Do You Always Promote A Pawn To A Queen?
Pawn promotion is one of the key rules of chess and often saves many a game from the brink of defeat or clinches a match that was already going well. Most chess players know that the typical form of pawn promotion is from pawn to queen, but is this always the best choice? As it turns out, there are a few cases where promoting a pawn to a queen is actually unwise. Here, we will take a look at pawn promotion and discuss when it is more sensible to “underpromote” a pawn to a rank lesser than a queen.
What is Pawn Promotion?
The rules behind pawn promotion in chess are very simple. According to these rules, whenever a player’s pawn manages to advance the full length of the board, reaching the back row of the opponent’s pieces, that pawn can be promoted to the rank of any greater piece besides a king. This means that pawns that reach the back row of the board can become a bishop, knight, rook, or queen and that when they are promoted, they gain all of the abilities of the piece they are promoted to.
Naturally, when it comes to promoting pawns, the vast majority of chess players tend to promote all of their pawns to queens, which is known in chess as “queening the pawn.” The reason for this is because the queen is the most powerful piece on the chessboard, with the ability to move any amount of open squares in any direction, be it horizontal, vertical, or diagonal. When considering the queen’s power, it might seem foolish to promote a pawn to anything less than a queen at any time. Still, as we will see below, there are some cases where it is wiser to promote a pawn to the rank of bishop, knight, or rook, known as “underpromotion.”
When Should Pawns be Promoted to Ranks Other Than Queen?
If it is true that promoting pawns to queens can sometimes be a bad decision, when is this most likely to be the case? The most common scenario in which promotion to a queen becomes unwise is when there is the possibility of an immediate stalemate. A stalemate occurs whenever an opponent’s king is not in check, but the opponent also has no legal moves to make. This results in a draw, which means that neither player wins or loses the game.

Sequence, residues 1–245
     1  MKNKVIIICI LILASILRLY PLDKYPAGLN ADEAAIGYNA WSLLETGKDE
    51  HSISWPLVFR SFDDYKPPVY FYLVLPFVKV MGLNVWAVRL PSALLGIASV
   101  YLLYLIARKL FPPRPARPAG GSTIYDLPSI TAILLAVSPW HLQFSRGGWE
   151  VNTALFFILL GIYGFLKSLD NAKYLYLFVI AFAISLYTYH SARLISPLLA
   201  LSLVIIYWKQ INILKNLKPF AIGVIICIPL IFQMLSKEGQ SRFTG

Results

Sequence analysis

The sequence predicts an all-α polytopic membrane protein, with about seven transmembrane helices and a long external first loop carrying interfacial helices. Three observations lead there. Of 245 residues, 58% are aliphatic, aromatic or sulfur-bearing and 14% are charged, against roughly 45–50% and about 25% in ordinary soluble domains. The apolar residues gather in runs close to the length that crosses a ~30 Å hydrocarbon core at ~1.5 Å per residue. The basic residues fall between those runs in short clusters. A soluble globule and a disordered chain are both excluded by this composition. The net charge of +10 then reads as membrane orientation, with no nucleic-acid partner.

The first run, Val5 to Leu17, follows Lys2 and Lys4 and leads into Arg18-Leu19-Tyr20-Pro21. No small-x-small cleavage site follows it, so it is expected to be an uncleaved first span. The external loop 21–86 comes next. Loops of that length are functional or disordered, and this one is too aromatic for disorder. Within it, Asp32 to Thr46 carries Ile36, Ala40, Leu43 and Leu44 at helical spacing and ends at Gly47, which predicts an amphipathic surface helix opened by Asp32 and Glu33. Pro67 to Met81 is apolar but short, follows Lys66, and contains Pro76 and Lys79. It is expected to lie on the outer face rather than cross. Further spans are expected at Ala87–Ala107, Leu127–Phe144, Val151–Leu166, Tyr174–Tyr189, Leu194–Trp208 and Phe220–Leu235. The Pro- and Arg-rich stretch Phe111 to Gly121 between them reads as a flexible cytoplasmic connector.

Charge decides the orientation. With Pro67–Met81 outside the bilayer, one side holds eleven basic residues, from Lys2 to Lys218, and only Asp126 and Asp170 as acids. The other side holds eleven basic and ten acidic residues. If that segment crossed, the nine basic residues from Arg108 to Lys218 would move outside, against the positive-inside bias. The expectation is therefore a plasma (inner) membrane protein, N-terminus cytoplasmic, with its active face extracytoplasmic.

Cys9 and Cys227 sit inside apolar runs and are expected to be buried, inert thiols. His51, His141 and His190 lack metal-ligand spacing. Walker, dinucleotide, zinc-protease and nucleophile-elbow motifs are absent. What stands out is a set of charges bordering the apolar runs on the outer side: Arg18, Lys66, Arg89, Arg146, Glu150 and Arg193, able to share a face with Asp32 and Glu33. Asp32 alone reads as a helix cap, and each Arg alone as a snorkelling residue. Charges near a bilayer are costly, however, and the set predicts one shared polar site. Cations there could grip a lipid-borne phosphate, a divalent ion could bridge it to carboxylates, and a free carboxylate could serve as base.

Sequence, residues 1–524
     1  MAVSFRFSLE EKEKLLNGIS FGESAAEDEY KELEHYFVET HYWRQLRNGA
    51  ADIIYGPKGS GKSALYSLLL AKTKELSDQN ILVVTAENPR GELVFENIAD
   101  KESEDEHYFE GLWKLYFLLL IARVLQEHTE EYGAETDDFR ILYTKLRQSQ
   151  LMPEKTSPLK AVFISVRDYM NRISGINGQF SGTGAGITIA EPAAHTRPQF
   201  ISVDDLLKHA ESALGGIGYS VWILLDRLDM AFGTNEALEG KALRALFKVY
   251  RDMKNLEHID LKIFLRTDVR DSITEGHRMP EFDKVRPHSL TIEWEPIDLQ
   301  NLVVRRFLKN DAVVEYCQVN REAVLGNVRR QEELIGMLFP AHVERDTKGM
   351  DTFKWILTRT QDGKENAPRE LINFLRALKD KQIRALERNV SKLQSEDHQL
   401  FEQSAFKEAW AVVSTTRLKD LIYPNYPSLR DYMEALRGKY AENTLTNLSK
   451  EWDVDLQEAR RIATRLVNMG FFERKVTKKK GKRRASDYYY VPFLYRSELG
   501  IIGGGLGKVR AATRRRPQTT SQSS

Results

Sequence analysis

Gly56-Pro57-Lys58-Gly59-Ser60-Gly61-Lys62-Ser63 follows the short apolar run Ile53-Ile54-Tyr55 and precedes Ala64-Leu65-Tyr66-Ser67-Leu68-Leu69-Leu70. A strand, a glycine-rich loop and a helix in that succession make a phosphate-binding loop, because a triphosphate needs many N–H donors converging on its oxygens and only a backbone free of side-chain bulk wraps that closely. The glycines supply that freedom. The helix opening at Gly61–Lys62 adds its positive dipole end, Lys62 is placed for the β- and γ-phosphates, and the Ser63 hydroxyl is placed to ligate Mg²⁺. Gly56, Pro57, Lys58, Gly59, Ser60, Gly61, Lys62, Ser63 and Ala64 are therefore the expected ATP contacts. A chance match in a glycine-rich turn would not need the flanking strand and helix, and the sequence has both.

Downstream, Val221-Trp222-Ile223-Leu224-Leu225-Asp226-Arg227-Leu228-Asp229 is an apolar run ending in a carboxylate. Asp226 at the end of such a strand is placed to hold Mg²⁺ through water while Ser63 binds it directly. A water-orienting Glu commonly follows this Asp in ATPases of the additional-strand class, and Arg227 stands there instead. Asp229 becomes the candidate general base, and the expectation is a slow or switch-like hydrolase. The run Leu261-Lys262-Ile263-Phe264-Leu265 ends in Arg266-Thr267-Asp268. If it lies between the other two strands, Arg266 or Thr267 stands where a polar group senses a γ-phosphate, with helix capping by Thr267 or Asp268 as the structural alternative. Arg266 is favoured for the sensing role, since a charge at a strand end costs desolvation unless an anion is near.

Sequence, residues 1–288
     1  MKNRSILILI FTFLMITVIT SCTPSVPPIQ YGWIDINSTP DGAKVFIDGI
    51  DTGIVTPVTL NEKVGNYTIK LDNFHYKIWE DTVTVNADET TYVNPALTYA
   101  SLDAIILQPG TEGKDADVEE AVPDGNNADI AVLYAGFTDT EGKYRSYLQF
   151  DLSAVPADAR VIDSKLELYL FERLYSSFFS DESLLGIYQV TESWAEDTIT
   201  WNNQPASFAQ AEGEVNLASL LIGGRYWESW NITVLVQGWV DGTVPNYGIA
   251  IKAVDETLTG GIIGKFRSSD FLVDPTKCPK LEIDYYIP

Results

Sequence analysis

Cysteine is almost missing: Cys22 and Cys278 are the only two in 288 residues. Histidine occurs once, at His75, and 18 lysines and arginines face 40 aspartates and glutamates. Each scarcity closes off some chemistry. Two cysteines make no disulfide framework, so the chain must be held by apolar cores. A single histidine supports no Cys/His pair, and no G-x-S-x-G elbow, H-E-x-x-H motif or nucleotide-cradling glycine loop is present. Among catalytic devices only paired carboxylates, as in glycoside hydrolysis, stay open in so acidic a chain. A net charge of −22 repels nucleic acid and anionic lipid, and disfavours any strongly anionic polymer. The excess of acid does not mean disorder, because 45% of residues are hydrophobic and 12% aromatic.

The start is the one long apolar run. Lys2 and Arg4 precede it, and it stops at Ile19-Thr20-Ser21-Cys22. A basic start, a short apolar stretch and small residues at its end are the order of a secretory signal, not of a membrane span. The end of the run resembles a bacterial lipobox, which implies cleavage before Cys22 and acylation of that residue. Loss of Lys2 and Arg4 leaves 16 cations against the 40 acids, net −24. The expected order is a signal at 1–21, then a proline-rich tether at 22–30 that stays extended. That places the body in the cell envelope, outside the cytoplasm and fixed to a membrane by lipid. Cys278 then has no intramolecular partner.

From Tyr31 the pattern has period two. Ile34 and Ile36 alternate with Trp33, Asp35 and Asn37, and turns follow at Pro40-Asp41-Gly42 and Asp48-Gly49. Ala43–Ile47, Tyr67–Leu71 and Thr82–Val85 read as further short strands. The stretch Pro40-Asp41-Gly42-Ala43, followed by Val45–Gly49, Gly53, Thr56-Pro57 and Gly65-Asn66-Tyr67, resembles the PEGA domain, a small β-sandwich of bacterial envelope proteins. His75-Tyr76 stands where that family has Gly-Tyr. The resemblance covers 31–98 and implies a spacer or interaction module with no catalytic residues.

A stalemate by promotion to queen can occur in many scenarios, such as if an opponent’s king is trapped in Column H by enemy pieces such as queens, rooks, or kings. For example, the king cannot advance out of Column H because their enemy’s pieces are located in the ranks below and to the side, which would result in a check. If the attacking opponent has a pawn that they can promote, such as in square f7, they may decide to promote to a queen, but in doing so, they will actually cause a stalemate. This is because, by placing a queen in square f8, they will not be checking the opponent’s king and will not be allowing them any legal moves.
In this scenario, the better idea is for the attacking player to promote their pawn to a lesser-ranked piece, such as a knight. If the player promotes their pawn to a knight instead of a queen, the knight may place the opponent’s king in check. Thus, the king will be forced to escape check by moving to the first rank, allowing the player to achieve checkmate by simply moving their queen to block escape. Here, underpromoting the pawn was a smarter play than promoting it to a queen, as the underpromotion forced the opponent’s king into a position to be checkmated.
Strategy and observation are the most important skills in chess, and one of the scenarios in which these abilities prove most important is in the promotion of pawns. Lower-ranking chess players may often make the simple mistake of promoting all of their available pawns to queens, but a wise player of the game will always analyze the pieces on the board, considering whether going for the piece with the greatest power is actually the most prudent option or a simple but costly error.